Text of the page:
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Keywords:

  • Lago Mare;
  • liquefaction structures;
  • Messinian;
  • Nijar Basin;
  • palaeoseismology;
  • seismites;
  • soft-sediment deformation

Abstract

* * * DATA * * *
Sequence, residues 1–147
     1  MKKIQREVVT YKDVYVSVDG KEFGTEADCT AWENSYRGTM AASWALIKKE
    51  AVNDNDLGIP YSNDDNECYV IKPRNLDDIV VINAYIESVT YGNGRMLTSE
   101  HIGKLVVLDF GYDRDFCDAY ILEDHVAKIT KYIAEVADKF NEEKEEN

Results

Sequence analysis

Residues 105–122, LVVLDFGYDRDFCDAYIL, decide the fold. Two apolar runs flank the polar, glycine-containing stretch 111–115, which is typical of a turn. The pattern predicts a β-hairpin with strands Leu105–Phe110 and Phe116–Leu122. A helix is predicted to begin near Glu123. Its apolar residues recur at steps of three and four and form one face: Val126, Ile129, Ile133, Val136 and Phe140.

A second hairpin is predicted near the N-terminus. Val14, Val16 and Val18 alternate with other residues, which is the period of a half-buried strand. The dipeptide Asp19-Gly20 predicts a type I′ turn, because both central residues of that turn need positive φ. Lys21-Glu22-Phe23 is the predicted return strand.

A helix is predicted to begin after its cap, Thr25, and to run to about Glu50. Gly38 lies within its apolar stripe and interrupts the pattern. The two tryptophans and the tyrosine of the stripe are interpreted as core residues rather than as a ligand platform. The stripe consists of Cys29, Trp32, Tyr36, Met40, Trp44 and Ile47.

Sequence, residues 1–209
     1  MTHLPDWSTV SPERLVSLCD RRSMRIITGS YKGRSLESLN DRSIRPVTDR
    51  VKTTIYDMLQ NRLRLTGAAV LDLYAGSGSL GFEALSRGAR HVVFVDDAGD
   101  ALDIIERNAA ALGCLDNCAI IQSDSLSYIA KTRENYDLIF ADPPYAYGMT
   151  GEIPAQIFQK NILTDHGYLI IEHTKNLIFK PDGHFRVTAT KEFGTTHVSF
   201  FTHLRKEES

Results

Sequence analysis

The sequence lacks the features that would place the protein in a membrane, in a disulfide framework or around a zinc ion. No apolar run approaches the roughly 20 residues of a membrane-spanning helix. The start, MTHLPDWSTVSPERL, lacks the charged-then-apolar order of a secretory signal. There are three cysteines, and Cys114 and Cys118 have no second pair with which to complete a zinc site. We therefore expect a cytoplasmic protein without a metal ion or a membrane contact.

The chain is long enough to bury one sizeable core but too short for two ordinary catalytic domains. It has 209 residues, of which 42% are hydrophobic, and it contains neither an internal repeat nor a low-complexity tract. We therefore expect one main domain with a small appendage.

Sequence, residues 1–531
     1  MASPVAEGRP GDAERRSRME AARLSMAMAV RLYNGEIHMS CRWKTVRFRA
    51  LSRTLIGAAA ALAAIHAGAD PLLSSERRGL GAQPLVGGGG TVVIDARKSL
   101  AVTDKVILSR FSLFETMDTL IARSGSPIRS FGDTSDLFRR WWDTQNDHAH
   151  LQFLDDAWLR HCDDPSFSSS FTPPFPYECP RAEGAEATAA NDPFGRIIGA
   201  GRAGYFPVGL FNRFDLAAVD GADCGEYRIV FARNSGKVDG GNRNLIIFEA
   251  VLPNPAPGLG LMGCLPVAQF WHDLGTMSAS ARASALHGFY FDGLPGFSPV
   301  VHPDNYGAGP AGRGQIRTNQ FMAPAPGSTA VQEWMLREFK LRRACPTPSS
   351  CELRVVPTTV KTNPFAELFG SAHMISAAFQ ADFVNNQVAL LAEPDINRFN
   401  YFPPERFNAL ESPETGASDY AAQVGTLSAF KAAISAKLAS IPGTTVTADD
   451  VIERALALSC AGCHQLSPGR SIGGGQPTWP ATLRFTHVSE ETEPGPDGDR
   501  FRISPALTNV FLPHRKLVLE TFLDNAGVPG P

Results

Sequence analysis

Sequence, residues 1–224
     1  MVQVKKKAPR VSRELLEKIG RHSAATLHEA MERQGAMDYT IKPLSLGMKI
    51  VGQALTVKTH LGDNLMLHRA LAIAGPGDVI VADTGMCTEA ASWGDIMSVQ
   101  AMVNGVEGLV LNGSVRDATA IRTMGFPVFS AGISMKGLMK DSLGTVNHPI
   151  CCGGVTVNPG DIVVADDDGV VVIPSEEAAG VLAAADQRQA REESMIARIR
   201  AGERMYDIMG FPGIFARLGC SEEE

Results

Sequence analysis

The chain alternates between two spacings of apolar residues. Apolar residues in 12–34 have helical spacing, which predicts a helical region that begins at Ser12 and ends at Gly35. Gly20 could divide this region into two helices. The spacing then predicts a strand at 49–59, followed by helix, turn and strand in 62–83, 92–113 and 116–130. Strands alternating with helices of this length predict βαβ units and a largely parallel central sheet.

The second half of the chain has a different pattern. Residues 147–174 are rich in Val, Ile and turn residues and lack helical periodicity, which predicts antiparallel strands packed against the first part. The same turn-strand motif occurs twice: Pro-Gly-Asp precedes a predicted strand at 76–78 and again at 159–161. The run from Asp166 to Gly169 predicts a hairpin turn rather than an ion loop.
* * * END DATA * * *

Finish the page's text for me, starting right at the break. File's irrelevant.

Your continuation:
The Feos Formation of the Nijar Basin comprises sediments deposited during the final stage of the Messinian salinity crisis when the Mediterranean was almost totally isolated. Levels of soft-sediment deformation structures occur in both conglomeratic alluvial sediments deposited close to faults and the hyposaline Lago Mare facies, a laminated and thin-bedded succession of whitish chalky marls and intercalated sands alternating with non-marine coastal plain deposits. Deformation structures in the coarse clastics include funnel-shaped depressions filled with conglomerate, liquefaction dykes terminating downwards in gravel pockets, soft-sediment mixing bodies, chaotic intervals and flame structures. Evidence for soft-sediment deformation in the fine-grained Lago Mare facies comprises syndepositional faulting and fault-grading, sandstone dykes, mixed layers, slumping and sliding of sandstone beds, convolute bedding, and pillar and flame structures. The soft-sediment deformed intervals resemble those ascribed elsewhere to seismic shaking. Moreover, the study area provides the appropriate conditions for the preservation of deformation structures induced by seismicity; such as location in a tectonically active area, variable sediment input to produce heterolithic deposits and an absence of bioturbation. The vertical distribution of soft-sediment deformation implies frequent seismic shocks, underlining the importance of seismicity in the Betic region during the Late Messinian when the Nijar Basin became separated from the Sorbas Basin to the north. The presence of liquefied gravel injections in the marginal facies indicates strong earthquakes (M ≥ 7). The identification of at least four separate fissured levels within a single Lago Mare interval suggests a recurrence interval for large magnitude earthquakes of the order of millennia, assuming that the cyclicity of the alternating Lago Mare and continental intervals was precession-controlled. This suggestion is consistent with the present-day seismic activity in SE Spain.